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Kara Greatsinger

on 8 March 2014

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Transcript of Goals

Before and During Prohibition
During the 1920s, Prohibition was "Roaring"
Expectations and Goals
Speaking easy
"The reign of tears is over, the slums will soon be a memory. We will turn our prisons into factories and our jails into storehouses. Men will walk upright now, women will smile and children will laugh. Hell will forever be for rent"- Billy Sunday, preist
More people in jails & court
legal system cannot keep up
opposite of initiative
Enforcement was bribed and partook
More alcohol abuse, health problems
Crime increase
Drug use increase
No increase in worker productivity
Enforcement cost millions
Loss of money-could have been taxing alcohol
21st Amendment in 1933, repeal
Organizations like the Mafia were at large. They were made up of young immigrants who took advantage of the people's need for alchol, Al Capone, the imfamous leader of the Mafia once said, "All I do is to supply a public demand... somebody had to throw some liquor on that thirst, Why not me?
Police funding: INCREASED $11.4 Million
Arrests for Prohibition Las Violations: INCREASED 102+%
Arrests for Drunkenness and Disorderly Conduct: INCREASED 41%
Arrests of Drunken Drivers: INCREASED 81%
Thefts and Burglaries: INCREASED 9%
Homicides, Assault, and Battery: INCREASED 13%
Number of Federal Convicts: INCREASED 561%
Federal Prison Population: INCREASED 366%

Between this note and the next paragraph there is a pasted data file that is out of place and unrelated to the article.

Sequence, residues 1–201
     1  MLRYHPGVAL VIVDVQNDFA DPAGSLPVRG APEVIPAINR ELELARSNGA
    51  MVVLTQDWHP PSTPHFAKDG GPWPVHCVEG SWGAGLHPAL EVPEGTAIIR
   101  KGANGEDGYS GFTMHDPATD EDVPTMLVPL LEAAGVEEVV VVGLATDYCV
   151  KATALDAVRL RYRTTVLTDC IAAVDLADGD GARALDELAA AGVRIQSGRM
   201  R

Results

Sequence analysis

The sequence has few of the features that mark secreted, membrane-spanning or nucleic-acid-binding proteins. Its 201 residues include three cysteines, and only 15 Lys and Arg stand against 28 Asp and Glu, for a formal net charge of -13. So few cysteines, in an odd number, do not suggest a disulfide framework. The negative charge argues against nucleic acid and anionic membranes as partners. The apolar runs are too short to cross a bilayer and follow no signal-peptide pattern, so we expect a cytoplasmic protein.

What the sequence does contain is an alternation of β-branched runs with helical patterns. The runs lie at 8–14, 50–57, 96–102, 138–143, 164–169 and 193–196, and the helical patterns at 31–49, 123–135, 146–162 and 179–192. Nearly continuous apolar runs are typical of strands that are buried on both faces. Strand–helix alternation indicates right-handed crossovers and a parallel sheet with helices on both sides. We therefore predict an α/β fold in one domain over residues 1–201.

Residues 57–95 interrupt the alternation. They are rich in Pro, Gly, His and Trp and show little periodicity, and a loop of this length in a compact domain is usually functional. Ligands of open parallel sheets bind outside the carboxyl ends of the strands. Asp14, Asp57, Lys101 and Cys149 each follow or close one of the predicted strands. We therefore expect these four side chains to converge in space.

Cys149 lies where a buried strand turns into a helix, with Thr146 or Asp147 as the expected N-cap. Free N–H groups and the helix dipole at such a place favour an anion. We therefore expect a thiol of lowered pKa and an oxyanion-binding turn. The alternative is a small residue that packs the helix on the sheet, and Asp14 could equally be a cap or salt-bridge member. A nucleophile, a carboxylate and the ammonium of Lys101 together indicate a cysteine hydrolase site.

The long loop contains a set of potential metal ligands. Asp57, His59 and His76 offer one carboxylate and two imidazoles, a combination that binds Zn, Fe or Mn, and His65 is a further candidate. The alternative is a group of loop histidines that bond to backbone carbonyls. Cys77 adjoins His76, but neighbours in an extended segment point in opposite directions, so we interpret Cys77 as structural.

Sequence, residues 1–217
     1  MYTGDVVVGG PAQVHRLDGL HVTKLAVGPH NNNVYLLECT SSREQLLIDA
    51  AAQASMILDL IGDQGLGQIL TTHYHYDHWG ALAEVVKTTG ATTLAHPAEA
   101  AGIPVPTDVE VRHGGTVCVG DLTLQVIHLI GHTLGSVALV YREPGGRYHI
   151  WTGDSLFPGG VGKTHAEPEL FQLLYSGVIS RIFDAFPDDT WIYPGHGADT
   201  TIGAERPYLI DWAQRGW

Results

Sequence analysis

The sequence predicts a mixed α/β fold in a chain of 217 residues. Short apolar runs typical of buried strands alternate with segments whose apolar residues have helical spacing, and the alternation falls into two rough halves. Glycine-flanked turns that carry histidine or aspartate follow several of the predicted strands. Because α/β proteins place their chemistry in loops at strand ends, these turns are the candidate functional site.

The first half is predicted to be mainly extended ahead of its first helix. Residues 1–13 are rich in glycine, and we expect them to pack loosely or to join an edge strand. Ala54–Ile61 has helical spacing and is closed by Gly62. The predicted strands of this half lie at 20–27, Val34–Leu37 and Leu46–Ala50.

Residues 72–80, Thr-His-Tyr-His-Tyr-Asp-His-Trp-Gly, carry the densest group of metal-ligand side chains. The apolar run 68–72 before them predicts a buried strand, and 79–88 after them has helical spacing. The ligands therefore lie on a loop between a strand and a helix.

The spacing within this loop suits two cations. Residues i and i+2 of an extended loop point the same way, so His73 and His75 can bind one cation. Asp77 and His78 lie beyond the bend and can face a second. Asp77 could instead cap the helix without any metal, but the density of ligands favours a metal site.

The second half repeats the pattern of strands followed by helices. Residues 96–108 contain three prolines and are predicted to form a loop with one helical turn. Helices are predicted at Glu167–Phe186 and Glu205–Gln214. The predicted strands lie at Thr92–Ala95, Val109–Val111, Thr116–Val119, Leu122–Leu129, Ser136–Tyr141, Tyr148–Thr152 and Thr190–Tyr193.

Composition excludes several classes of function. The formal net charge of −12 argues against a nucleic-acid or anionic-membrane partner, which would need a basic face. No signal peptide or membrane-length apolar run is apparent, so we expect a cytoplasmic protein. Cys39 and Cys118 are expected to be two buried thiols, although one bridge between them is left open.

Total Federal Expenditures on Penal Institutions: INCREASED 1,000%

Laws and Enforcement
Speakeasies= "underground" clubs that sold alcoholic drinks
Bootleg alcohol
made at home and farms
mobsters making millions
often from Canada
Rum-Runners smuggle across state borders
Loopholes in the law taken advantage of
prescription whiskey (no med. value)
"sacramental" wine
farmers "preserving" fruit
18th amendment, 1919 makes "transport, import, export, sale" of alcohol illegal
Police and federal agents
sometimes bribed/partake in drinking/smuggling
Offenders jailed and brought to court
Enforcement was expensive
Destroyed equipment used to make alcohol
Federal "dry agents"
possession/making=fed. offense
Interesting Facts
What happened?
There was a rise in the amount of pharmacists ( medicinal alcohol was legal)
The government poisoned alcohol to stop people from using it, 10,000 people died
Beer prices increased 700%
Cocktails became more popular because of the disguise it provided and it covered up the bad taste of cheap alchohol
Gave rise to the Booze Cruise- People cruised around the world for the purpose of drinking
It was never illegal to drink during Prohibition, only illegal to make, distribute and sell alcohol
Hospitals ordered alcohol for "cleaning purposes
Grape growers sold "wine bricks" and cautioned people by telling them not to dissolve the brick in water and put it in a dark place for awhile or it could turn into wine.
"manufacture, transportation, import,export, and sale of alcoholic beverages were restricted or illegal"
18th Ammendment-1919, 21st amendment-1933
Women and women's group were a pivital reason
wanted to "protect families, women, kids
Women's Christian Temperance movement